Over the past few weeks, the Future of Privacy Forum (FPF) has been taking an informal poll from many of its advisory board members, blog readers and Facebook fans to gauge their thoughts on the recent privacy reports released by the Federal Trade Commission (FTC) and Department of Commerce. The FTC report was entitled, “Protecting Consumer Privacy in an Era of Rapid Change: A Proposed Framework for Businesses and Policymakers,” while the Department of Commerce’s Internet Safety Task Force privacy Green Paper was entitled, “Commercial Data Privacy and Innovation in the Internet Economy: A Dynamic Policy Framework.”
As our readers know, both reports were released this past December and FPF began taking our privacy insiders’ thoughts over the past month. Among the highlights, a large majority of respondents believed consumers need to be better educated to protect personal information online, but they do not believe a “Do Not Track” measure will be passed in 2011. Below are some of the key results provided by the respondents, and what these reports may mean for the future of privacy:
- Almost 86% think there will not be a Do Not Track law by the end of 2011.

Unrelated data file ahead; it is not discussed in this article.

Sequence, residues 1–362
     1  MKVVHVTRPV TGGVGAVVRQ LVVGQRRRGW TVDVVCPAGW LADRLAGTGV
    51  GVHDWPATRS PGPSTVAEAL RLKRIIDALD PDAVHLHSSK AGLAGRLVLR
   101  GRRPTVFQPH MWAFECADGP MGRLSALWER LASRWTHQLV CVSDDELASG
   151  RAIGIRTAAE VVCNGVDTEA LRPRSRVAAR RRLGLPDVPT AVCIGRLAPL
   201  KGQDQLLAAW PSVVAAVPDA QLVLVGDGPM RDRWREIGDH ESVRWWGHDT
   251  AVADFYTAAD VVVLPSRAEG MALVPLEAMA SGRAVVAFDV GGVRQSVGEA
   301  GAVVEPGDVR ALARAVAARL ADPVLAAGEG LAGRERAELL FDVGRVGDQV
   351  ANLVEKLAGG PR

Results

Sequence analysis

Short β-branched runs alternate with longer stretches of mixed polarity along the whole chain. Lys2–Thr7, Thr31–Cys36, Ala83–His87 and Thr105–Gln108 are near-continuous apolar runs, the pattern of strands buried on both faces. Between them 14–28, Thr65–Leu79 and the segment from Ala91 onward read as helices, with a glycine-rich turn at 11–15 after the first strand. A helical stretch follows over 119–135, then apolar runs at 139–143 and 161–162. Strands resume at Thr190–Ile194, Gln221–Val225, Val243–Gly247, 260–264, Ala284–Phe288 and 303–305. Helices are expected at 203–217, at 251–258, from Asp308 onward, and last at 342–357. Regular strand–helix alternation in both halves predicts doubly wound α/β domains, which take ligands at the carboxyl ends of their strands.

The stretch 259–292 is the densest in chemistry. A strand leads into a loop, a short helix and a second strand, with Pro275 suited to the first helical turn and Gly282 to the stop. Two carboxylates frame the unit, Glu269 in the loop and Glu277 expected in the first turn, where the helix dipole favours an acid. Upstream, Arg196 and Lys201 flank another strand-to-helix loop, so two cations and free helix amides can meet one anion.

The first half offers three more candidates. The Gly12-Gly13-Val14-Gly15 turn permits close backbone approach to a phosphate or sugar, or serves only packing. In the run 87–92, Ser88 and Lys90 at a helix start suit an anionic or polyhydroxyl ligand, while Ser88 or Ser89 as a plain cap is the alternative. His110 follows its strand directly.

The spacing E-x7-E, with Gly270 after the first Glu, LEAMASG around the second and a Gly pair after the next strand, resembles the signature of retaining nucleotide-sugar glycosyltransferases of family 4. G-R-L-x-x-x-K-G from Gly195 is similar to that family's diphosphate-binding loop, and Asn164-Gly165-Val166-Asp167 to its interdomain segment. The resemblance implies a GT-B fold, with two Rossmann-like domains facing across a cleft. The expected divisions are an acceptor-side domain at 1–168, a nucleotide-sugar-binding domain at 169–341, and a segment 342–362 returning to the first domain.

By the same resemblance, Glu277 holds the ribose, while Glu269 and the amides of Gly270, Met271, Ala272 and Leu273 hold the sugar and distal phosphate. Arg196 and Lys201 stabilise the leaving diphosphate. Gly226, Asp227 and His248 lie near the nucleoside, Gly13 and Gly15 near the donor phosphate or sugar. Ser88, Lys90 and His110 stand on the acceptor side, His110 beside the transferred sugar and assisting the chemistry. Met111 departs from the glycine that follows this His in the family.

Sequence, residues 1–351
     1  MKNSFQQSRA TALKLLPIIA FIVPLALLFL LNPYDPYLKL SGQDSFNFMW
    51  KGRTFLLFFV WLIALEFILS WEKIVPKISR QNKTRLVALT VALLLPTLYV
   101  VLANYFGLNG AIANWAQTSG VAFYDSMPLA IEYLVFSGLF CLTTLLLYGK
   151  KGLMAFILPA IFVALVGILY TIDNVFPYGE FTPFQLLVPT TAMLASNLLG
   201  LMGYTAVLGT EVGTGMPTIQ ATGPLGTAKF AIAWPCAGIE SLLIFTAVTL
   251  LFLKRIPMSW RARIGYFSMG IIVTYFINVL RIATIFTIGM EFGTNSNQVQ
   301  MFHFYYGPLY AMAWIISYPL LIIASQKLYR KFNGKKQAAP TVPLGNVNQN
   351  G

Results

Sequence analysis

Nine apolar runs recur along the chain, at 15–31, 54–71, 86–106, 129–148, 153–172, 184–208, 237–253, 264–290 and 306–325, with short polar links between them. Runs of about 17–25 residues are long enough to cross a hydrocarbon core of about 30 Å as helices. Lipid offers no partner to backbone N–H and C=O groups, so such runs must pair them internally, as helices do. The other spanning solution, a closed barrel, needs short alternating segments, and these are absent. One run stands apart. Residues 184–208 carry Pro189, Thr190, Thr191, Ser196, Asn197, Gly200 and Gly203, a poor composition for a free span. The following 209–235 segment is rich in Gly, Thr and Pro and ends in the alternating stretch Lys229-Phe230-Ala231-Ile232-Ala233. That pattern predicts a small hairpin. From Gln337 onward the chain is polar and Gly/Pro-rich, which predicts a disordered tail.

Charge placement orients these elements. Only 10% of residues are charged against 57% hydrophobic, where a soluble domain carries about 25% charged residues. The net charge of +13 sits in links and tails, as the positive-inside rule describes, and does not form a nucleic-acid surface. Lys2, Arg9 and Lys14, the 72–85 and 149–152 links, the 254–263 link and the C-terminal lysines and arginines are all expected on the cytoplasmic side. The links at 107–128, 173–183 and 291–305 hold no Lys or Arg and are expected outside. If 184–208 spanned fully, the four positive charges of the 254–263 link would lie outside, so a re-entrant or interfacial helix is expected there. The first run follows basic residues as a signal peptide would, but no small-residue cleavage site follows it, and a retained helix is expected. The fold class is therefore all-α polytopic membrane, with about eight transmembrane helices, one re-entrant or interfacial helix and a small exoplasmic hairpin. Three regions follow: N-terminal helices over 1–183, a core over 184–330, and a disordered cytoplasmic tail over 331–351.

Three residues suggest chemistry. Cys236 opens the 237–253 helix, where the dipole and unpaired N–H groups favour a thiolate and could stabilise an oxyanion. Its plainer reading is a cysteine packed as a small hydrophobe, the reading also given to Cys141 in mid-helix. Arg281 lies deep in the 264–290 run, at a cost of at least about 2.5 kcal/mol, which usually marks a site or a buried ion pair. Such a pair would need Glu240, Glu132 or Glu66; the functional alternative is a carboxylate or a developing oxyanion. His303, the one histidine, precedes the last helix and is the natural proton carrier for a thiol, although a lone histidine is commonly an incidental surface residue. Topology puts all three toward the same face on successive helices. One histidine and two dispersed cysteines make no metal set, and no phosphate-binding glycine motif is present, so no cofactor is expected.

- 96.4% feel consumers need to be better educated about how to protect their personal information online.
- 71% think there will be a federal data security breach notification law by the end of 2011.
- 71% believe the adoption of Privacy by Design by businesses will make a difference in the level of privacy protection for consumers.
- 54% believe businesses’ preparation of Privacy Impact Statements make a difference in the level of privacy protection for consumers.
- 50% believe the FTC will not get rulemaking authority in privacy in the foreseeable future. Some reasons include:
- “They don’t need it. They are much more powerful without it.”
- “It would surely be useful but I doubt it will happen while recommendations and self-regulation are offset by patchy enforcement and disjunctive legislation.”
- “The Republican House will resist new federal regs.”
- 63% do not think “full FIPPS” is a realistic future implementation by American businesses because:
- “It will impede their business plans and decrease revenue; if it’s voluntary, most won’t comply unless it’s tied to a safe harbor.”
- “It won’t enhance the corporate bottom line.”
- “FIPPS would undermine their ad business model.”
- 89.3% believe the state privacy and data security laws continue to be important in providing consumer privacy protection in the years ahead.
- 50% object to online tracking for the delivery of targeted advertising; 50% do not object.